Directly speaking

Steve Wright quizzes leading Directors of Sport about the job’s pleasures and challenges; here he talks to Jacqueline Atkinson

Jacqueline Atkinson is Director of Sport, Newcastle High School for Girls

âž¡ What do you think are the responsibilities of an effective DoS?

Sporting success comes on the back of pupil enjoyment. If girls enjoy and are challenged by lessons, their desire to pursue a higher level of performance is ignited. So my first responsibility must be for the quality of the sporting curriculum.

Team sports aren’t for everyone, but all girls should experience competitive team situations in a number of sports. Alongside this a range of transferable Functional Movement Systems (FMS) can be established within the curriculum via sports such as swimming, gymnastics, tennis and athletics. Furthermore, as girls grow older, we must provide opportunities for everyone to find the activities that enthuse them, promoting exercise as an integral part of their week.

Attendance at extra-curricular activities is good – almost too good – at NHSG, and this requires a balancing act. Trying to offer quality coaching and matches to all abilities, and to drive excellence for top players without B and C team players missing out, is the real challenge.

âž¡ How has the role changed recently?
The use of iPads, GoPro, YouTube and video analysis of performance has made many aspects of the job more interesting, and has allowed us to ensure that girls have actually seen the sports we are teaching. So many girls arrive at age 11 never having seen a game of hockey or volleyball, and being able to watch a film of what they are trying to learn is a fantastic teaching aid.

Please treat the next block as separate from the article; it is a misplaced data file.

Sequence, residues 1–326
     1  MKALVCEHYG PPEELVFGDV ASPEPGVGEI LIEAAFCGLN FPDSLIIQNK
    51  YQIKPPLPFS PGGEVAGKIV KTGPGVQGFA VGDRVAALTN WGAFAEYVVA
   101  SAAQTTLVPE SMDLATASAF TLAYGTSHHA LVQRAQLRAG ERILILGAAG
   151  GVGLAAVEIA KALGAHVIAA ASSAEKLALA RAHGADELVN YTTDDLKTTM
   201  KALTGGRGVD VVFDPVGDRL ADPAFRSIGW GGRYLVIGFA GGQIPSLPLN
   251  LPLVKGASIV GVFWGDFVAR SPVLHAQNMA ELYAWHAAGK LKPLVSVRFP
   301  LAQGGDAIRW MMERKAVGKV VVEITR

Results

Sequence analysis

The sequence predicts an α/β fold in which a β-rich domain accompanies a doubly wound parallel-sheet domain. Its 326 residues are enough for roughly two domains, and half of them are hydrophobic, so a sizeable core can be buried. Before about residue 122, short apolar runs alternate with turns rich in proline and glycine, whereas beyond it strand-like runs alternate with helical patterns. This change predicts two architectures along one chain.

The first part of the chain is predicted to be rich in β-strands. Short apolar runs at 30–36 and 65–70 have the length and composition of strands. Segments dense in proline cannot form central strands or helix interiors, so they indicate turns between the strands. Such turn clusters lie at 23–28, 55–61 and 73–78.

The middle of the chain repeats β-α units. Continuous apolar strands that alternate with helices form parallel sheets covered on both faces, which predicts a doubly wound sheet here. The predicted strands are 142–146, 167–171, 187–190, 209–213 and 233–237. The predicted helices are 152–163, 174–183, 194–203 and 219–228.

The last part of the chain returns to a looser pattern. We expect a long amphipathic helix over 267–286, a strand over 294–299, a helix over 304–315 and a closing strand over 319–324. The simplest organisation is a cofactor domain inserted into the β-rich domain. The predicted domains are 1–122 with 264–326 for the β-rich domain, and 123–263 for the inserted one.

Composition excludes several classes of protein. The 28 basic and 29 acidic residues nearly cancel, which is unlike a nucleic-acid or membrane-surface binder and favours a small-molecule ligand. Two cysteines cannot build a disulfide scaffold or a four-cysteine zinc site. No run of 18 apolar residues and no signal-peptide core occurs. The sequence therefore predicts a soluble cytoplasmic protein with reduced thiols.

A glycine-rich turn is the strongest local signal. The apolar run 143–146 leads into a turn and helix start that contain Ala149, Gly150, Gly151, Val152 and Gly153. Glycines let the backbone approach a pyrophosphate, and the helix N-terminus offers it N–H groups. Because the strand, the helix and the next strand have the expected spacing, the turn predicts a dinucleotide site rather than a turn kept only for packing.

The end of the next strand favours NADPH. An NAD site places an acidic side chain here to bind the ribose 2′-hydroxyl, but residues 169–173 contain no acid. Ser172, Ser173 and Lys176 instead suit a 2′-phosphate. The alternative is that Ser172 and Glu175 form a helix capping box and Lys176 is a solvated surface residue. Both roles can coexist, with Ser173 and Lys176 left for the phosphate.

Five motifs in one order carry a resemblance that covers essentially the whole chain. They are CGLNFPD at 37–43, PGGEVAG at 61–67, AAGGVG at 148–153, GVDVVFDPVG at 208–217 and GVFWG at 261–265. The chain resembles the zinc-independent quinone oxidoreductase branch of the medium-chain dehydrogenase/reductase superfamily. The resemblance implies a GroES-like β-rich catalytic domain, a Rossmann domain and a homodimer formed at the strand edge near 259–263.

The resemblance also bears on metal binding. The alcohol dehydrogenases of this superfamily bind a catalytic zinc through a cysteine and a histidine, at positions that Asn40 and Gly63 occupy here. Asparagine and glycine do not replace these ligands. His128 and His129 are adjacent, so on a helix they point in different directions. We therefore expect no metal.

A new venture has been the introduction of a discrete Fitness and Wellbeing course, delivered throughout Year 9. It allows us to teach girls about a healthy lifestyle with exercise at the core. It gives them the chance to explore how diet, hydration, activity levels and sleep contribute to their wellbeing, and can enhance performance.

âž¡ Do you think there are different sporting ethoses at play in boys’, girls’ and co-educational schools?
Our own ethos has to reflect the concerns regarding girls’ health and wellbeing – and to enable all girls to feel valued and successful, whilst allowing them to select the activities that will inspire them. Our Year 10 and over curriculum features everything from rugby to golf and zumba to lacrosse. The girls aren’t self-conscious about starting a new sport as they feel comfortable within their peer group.

From an extra-curricular point of view, the demands on PE staff are often much higher in girls’ schools. The staff outside our department are not required to deliver any aspects of PE, so our seven PE staff run every sports team from Year 3 to Year 13. Every teacher has to coach or take matches almost every day before school, at lunchtime and after school, and on Saturdays. With three netball, two hockey, and single gymnastics, trampoline, cross country, badminton, squash, swimming, biathlon, athletics, tennis and rounders teams at every age group, we have little free time.

âž¡ What are the job’s rewards and challenges?
The rewards are massive. I get to do something I enjoy every single day, working with great staff and lovely girls. Challenges really pertain to time. Wanting to give all girls the opportunity to play, while allowing the very best girls the opportunity to train to the top level, is a constant juggling act. I am blessed with a highly committed department who work hard to meet the challenges of both inclusion and excellence.

âž¡ What are your ambitions and projects going forward?
I reached my own sporting ambition last year when I had my 50th birthday, still playing netball for my team! At the school, we are entering an exciting time as we move to our brand new buildings next September – with fitness room, two sports halls and, with luck, an astroturf pitch.

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